My Page in Poems by Poets’ Roundtable of Arkansas

Rockport, Massachusetts 2006Fantasy’s Friend

Setting my sail on a shimmering sea,
I invited you to skim with me.
Away from the shore to never-never land,
together we swept, hand in hand.
One day my hand unclasped your own,
I drifted then on the sea alone.
My heart became a desert trail
like waves of water, behind the sail,
which opened, then closed a shimmering plane
without you there to whisper my name.

I listen for your voice above the ocean’s roar.
If I could summon you back once more!
But I hear nothing and feel no breeze
to carry me over the shimmering seas,
which mirror your face in a puzzle-like shade
as I reflect on the error I’ve made.
How could I have been so blind
as to leave unlocked the door of my mind,
through which you escaped on the shimmering sea?
Oh, precious love, still sail with me.

© Copyright, Freeda Baker Nichols
From Poems by Poets’ Roundtable of Arkansas, 1991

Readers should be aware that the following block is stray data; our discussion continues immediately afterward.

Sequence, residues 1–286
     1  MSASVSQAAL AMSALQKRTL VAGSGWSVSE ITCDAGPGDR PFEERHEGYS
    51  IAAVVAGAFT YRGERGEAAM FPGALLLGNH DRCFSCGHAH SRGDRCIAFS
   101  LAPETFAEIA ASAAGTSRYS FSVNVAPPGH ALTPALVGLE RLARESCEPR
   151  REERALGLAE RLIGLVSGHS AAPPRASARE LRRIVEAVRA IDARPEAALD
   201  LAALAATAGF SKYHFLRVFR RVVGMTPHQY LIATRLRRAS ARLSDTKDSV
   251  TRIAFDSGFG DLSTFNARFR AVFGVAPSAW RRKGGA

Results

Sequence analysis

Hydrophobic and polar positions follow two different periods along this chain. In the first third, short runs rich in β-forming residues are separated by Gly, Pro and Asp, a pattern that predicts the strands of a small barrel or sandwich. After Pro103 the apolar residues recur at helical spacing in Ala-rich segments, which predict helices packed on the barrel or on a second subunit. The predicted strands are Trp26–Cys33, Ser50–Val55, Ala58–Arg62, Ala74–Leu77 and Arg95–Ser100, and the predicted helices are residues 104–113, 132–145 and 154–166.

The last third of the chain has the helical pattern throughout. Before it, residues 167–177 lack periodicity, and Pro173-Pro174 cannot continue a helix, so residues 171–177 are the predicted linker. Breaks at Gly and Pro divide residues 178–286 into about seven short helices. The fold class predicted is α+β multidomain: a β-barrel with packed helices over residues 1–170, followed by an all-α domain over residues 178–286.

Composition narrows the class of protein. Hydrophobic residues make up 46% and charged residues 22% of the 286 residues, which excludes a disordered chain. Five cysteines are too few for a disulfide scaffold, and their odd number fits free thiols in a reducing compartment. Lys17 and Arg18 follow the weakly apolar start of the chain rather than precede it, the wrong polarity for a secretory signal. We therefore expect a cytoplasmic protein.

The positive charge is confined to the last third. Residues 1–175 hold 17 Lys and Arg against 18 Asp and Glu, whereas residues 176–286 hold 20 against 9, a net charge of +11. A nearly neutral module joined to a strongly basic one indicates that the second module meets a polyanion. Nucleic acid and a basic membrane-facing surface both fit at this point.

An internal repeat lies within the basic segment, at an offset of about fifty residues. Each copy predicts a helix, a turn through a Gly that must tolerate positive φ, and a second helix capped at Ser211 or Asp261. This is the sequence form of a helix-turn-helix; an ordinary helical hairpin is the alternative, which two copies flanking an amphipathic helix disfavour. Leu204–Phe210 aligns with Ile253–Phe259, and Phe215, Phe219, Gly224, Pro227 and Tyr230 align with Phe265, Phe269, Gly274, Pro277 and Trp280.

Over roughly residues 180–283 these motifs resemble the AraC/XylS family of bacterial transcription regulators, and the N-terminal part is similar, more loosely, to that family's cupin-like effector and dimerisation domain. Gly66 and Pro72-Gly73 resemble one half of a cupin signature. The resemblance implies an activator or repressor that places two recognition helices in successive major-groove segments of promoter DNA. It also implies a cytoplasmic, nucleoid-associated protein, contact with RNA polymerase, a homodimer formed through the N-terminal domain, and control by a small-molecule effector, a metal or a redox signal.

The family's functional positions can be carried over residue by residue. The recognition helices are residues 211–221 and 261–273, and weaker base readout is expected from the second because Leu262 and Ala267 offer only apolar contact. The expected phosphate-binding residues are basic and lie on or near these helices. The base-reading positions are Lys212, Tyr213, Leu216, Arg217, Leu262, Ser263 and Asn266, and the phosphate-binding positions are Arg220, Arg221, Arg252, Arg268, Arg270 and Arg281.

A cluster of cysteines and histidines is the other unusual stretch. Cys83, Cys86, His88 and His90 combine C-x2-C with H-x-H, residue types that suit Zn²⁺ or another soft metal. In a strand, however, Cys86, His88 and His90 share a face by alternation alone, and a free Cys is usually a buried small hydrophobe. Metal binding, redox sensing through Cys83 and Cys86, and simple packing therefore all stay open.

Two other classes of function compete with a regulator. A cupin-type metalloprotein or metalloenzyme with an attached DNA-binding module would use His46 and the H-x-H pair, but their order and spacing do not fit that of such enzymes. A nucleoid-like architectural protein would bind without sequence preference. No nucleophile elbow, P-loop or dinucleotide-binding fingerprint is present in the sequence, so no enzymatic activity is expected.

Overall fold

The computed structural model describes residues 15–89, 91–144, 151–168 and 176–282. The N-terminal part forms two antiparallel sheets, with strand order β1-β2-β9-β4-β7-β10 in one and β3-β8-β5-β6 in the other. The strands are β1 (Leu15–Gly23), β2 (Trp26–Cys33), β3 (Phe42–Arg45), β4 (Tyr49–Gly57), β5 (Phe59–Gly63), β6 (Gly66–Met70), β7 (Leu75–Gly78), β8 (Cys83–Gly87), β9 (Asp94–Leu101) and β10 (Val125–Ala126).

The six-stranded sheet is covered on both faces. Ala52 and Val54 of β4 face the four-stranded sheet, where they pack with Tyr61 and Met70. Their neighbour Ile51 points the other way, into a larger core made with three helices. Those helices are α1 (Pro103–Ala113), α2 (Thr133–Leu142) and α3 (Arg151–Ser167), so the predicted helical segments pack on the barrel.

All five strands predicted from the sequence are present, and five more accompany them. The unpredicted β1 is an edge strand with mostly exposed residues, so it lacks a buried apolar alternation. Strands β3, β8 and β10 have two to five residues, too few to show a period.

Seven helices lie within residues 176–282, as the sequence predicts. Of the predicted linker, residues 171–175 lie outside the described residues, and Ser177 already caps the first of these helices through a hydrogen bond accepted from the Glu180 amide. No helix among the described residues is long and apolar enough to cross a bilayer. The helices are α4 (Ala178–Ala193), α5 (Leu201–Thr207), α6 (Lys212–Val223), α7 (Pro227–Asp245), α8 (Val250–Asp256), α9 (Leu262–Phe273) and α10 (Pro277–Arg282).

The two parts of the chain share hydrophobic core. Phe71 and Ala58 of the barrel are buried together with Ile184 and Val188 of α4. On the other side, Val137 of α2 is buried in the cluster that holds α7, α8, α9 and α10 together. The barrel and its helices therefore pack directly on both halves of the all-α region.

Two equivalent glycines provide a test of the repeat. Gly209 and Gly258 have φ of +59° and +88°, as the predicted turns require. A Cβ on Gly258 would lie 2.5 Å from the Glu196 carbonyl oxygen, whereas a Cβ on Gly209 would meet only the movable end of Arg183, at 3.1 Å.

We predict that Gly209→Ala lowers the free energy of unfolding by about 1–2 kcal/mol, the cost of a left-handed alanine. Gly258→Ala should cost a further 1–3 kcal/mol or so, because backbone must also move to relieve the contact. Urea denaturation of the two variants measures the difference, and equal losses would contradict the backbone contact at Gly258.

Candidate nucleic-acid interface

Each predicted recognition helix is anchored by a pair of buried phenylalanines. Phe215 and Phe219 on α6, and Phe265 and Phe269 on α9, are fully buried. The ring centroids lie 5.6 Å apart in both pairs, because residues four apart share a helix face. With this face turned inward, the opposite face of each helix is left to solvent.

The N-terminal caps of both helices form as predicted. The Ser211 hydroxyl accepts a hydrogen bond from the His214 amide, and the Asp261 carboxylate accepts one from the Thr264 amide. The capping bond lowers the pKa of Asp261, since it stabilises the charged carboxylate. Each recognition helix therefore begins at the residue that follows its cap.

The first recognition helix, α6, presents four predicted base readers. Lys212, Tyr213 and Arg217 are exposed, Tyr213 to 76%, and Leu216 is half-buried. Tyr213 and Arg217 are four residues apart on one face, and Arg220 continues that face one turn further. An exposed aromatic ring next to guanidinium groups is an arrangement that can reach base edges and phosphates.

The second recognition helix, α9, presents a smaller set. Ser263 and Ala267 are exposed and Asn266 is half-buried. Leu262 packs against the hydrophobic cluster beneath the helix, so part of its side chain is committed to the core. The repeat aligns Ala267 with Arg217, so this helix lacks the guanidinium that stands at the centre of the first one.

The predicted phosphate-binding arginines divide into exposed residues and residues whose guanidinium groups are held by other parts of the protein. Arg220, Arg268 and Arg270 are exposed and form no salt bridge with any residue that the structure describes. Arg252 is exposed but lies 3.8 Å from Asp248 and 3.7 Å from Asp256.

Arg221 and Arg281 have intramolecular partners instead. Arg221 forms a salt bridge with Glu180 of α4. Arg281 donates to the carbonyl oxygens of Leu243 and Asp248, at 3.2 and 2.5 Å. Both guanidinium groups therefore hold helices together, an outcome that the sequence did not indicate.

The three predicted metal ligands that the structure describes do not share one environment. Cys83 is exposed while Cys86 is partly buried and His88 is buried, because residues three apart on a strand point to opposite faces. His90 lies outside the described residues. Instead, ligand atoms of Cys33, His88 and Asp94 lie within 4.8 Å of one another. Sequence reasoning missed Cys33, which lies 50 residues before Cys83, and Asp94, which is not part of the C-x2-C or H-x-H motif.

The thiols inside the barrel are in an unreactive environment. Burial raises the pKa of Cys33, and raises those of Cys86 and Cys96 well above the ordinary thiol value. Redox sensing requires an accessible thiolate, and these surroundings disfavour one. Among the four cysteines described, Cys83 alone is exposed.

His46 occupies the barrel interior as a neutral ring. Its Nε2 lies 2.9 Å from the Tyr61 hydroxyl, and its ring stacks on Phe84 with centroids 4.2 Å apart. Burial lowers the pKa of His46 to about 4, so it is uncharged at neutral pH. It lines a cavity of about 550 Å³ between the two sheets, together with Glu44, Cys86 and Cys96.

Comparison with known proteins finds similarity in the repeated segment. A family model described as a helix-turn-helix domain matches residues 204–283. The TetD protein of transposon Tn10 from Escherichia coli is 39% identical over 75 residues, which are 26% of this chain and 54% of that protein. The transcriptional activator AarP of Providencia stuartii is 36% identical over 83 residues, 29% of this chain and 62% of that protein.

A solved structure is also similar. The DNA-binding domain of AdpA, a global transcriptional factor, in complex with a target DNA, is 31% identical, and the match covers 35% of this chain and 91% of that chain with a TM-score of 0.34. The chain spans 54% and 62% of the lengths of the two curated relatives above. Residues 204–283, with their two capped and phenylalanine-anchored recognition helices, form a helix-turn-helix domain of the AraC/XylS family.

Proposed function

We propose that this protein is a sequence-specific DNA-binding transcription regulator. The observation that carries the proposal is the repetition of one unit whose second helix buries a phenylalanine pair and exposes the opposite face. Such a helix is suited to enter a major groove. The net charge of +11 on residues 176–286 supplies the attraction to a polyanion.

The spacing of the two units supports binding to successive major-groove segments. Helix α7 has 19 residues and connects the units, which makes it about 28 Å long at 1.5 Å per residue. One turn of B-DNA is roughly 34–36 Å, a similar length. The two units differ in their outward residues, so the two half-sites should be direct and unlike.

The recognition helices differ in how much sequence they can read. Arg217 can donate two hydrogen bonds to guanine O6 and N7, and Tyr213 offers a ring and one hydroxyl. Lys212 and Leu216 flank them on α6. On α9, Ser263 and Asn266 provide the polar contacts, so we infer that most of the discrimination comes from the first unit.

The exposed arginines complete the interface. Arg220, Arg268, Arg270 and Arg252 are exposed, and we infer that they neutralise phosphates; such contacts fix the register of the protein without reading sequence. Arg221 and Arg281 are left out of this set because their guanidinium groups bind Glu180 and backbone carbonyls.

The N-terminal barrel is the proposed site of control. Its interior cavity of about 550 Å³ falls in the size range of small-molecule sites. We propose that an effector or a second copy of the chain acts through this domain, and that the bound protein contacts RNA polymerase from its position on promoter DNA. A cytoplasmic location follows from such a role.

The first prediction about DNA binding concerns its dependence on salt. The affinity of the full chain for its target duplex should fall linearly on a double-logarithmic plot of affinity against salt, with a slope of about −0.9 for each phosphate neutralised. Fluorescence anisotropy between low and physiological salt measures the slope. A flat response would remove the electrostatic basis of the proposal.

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Bluebird Kind of Day

As a writer, I sometimes need a day, like today, to slow me down. A day to allow my thoughts to dwell on my next idea for a story. Today was that kind of day.  A little rain. Lots of birds to watch. A few pictures to snap. Time for coffee this morning and tea this afternoon. No deadlines to reach. Nothing that I had to do today.  But I worked on photo101’s assignment in WordPress, and in doing that, I photographed a bluebird.

This beautiful bluebird is a sign of spring.  She and her mate are hanging around the birdhouse. The sparrows are around there, too. One year, the sparrows took over the bird box and the bluebirds built their nest in the trees. They are a gentle bird, the sparrows not so gentle. Herein lies conflict. This may be a springboard for a short story.  Or a poem. Surely, there’s a haiku lurking around here someplace.

But I won’t write it on my bluebird day.

In her book, “Basic Story Techniques” Helen Reagan Smith said “Writing itself is work; good writing is hard work.”

This has been a day of rest from my writing, with the exception of this blog post.  Instead, I chose to think of things to write, to experience joy and peace. To refresh.

Tomorrow is another day. It’s Thursday, and I wish for you a bluebird day!

—Freeda Baker Nichols

Bluebird

Creating Characters . . .

Creating characters is not easy.  But it helps when you think of BEST SOAP and make sure each of your characters represents Best Soap.